Deck building can be incredibly satisfying, both the process of building it and the finished product. A beautiful, well-constructed deck can expand your living area in warm seasons, bring family and friends together, and provide much needed hang-out space when you need to unwind. But too many homeowners make deck building mistakes that can ruin their enjoyment or compromise their safety.
Being Inattentive to Local Deck Building Code
Building code is often derived from the International Residential Code (IRC), with amendments made at the local level. While you need to be aware of IRC requirements, it's often the local changes that do-it-yourself builders forget about. Local amendments reflect the area's climate and other needs. Only your permitting department can provide you with information about the deck-building code that is unique to your area.
Building Inadequate Deck Post Footers
One end of the deck is typically held in place by a ledger board that attaches to the house. The other resting points of the deck are on-grade; that is, on the ground itself. To support the deck's massive weight, those on-grade vertical support posts must rest on top of rock-solid, unmovable footers. Avoid these common deck footing mistakes:
- Footers should be in undisturbed soil. If the soil has been disturbed, the footers must run deeper, sometimes as deep as 48 inches.
- Footers must extend below your area's frost line to avoid frost heave. At the very minimum, footers must extend 12 inches below grade.
- Elevate the tops of the footers at least an inch above grade to keep them high and dry.
Attaching the Beam to the Sides of the Support Posts
A classic error that can result in deck collapse is when do-it-yourselfers attach the horizontal beam (sometimes called a girder) to the vertical support posts on the side of the support posts. Formerly allowed by building code, this is now considered a substandard practice, as bolts can have poor shear strength.
The far better method that aligns with most building codes is to rest the beam on top of the support posts. The beam can rest on metal column caps attached to the tops of the support posts. Or the support posts can be notched out with a reciprocating saw to allow the beam to rest in a pocket. Then, attach the beam to the posts with galvanized carriage bolts, washers, and nuts.
Incorrectly Spacing the Joists
Inside the home, your floor covering rests on a subfloor, which in turn rests on long pieces of milled or laminate lumber called joists. Your outside deck works much the same way but without the subfloor: deck floorboards are fastened directly onto joists. Without that intervening subfloor, the deck boards bear all of the load. Composite and PVC deck boards, especially, are not as structurally sound as most woods, especially hardwoods, so they may require tighter joist spacing. Consult joist span tables specific to the type of deck flooring you intend to install.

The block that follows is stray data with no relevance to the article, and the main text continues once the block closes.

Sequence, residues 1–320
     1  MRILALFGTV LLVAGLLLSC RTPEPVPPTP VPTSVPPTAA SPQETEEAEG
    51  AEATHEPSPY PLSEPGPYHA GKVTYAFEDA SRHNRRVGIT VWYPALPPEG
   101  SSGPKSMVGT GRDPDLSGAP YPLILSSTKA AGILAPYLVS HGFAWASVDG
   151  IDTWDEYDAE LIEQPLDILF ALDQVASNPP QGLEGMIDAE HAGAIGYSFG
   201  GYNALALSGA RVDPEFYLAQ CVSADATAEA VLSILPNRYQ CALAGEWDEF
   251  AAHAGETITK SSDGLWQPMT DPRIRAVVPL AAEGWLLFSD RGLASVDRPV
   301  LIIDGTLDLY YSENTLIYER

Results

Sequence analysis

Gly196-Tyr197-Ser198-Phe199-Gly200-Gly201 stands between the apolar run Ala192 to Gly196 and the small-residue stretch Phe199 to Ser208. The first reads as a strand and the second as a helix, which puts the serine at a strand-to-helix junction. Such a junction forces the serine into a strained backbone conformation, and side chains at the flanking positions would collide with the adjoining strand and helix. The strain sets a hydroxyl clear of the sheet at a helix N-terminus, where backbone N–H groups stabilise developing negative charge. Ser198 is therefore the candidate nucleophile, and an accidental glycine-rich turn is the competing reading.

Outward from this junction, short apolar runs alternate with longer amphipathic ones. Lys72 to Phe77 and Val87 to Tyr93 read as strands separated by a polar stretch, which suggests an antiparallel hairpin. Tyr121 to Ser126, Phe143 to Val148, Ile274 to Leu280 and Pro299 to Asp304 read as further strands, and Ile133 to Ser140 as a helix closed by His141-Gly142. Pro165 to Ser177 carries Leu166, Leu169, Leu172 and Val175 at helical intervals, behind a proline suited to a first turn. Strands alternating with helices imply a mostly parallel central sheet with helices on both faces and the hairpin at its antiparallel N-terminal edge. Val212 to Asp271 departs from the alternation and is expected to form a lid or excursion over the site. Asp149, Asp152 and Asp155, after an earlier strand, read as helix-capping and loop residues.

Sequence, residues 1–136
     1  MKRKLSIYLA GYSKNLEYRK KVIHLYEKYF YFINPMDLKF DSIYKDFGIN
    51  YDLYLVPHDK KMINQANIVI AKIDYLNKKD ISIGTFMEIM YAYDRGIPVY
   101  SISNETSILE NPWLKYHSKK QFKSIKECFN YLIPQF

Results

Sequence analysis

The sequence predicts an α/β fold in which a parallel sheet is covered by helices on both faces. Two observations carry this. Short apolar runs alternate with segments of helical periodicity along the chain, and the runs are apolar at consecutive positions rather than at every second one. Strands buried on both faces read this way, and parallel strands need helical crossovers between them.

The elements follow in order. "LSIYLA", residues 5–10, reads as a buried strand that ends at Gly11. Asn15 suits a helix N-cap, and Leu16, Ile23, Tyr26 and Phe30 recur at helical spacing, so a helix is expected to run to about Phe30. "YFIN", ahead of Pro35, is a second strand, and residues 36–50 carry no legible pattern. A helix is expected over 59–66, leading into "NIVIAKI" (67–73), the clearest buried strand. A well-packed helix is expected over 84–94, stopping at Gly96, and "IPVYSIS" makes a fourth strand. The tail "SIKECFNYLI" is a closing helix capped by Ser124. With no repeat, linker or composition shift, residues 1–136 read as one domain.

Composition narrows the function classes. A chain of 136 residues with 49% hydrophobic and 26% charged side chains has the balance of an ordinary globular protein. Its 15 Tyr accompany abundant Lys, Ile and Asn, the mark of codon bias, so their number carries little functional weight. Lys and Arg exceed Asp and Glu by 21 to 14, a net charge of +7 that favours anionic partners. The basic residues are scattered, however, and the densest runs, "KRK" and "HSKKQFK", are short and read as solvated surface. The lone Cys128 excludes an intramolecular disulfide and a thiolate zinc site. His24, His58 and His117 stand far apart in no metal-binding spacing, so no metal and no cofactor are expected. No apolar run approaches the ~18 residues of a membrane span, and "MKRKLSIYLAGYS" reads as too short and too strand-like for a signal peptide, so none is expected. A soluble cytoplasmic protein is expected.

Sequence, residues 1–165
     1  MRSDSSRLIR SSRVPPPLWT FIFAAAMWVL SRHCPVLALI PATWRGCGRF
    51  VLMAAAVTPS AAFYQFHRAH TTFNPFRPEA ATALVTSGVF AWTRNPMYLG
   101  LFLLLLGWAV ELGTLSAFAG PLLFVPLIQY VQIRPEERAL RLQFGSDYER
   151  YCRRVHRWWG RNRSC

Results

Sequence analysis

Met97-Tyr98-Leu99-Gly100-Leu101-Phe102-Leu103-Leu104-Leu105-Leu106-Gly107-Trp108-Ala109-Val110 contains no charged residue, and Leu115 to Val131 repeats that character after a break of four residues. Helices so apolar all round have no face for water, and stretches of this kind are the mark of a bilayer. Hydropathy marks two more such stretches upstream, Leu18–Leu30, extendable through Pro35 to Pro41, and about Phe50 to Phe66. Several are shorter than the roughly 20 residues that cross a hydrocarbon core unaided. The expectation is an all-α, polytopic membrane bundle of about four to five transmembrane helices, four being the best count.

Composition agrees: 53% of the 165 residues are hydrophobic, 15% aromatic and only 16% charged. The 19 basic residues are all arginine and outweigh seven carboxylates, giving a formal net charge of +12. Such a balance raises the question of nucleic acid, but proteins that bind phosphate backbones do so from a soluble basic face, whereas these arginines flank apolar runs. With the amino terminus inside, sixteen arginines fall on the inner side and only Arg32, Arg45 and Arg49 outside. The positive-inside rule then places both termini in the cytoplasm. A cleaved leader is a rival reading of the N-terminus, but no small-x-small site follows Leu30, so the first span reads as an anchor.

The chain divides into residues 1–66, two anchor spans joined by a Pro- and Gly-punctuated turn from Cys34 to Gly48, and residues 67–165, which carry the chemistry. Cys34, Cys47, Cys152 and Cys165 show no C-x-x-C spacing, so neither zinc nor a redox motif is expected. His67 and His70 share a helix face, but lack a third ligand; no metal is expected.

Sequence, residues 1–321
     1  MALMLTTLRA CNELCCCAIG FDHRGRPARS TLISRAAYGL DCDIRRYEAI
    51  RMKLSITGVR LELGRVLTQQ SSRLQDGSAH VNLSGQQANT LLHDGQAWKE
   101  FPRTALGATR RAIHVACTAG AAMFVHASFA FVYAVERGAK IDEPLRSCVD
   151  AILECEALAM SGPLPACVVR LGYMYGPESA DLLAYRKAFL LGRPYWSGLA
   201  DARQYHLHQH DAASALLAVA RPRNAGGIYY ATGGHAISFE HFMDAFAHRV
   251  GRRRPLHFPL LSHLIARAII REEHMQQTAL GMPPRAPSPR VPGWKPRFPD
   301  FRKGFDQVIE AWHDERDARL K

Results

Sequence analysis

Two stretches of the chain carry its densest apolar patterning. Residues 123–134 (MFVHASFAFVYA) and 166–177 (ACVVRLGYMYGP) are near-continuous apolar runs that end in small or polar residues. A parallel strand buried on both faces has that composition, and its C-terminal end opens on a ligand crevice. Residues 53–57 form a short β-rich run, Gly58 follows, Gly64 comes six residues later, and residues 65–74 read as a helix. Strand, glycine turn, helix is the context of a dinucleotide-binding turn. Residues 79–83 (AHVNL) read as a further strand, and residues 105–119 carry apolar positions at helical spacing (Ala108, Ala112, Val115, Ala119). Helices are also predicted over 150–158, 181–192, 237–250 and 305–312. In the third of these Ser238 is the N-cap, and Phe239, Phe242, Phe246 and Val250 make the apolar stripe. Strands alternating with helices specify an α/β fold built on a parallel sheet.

Installing the Wrong Deck Boards for Your Use
Deck floorboards range from inexpensive pressure-treated boards up to exotic hardwoods and composite woods. Assess your personal situation and purchase deck boards accordingly. For example, if you are on a strict budget or are building the deck for quick resale, consider using pressure-treated or hem-fir (hemlock-fir combination) boards. High-end homes may demand high-end exotic hardwoods like ipe. If duration and low maintenance are most important, composite woods and PVC-based materials return the best value.
Attaching the Ledger Board Directly to the Siding
The ledger board acts as the spine of the deck, anchoring it to the most stable surface around: the house. Do-it-yourselfers are sometimes prone to attaching the ledger board on top of the siding. This method is wrong because intervening layers of siding and possibly exterior rigid foam insulation mean that the lag screws cannot penetrate far enough into the rim joist. To attach the ledger board properly, you first need to cut out all siding, house wrap or tar paper, and foam insulation, so that the ledger board rests directly on the rim joist.
Blocking Egress and Access to Services
When you build a deck onto the side of the house, it can end up covering or blocking all sorts of services: water faucets, dryer vents, air conditioning units, and exterior outlets. Relocate any services that may be affected by the new deck. In some cases, your deck permit may not be approved by your local permitting department if it hinders egress from a basement window.
Not Using Corrosive Resistant Fasteners
Using the wrong type of fasteners can have a catastrophic effect on your deck. Because decks are located outdoors, they receive a tremendous amount of abuse from the elements. Plus, the wrong fastener can react with the preservative in wood and hasten corrosion. Purchase fasteners that are approved for deck-building. Usually, these are stainless steel, polymer-coated, or hot-dipped galvanized materials.
Not Installing Handrails on Low-Rise Decks
One benefit of building a low-rise deck under 30 inches tall is that, under many local building codes, handrails are not required. Excluding railing saves time and money, plus it preserves your view. But is this really a good idea? Thirty inches is still high enough to fall and injure yourself. Many deck builders implement hand railing even when the code does not require it for just that reason.
Not Seeking Professional Deck-Building Help
Many homeowners begin their deck-building project optimistically enough, believing that they can build it alone. Months later, the project has ground to a halt. Before taking on this project by yourself, familiarize yourself with all of the intricacies involved in deck-building and assess whether you are right for the job. If not, seek the assistance of a local licensed general contractor or deck builder.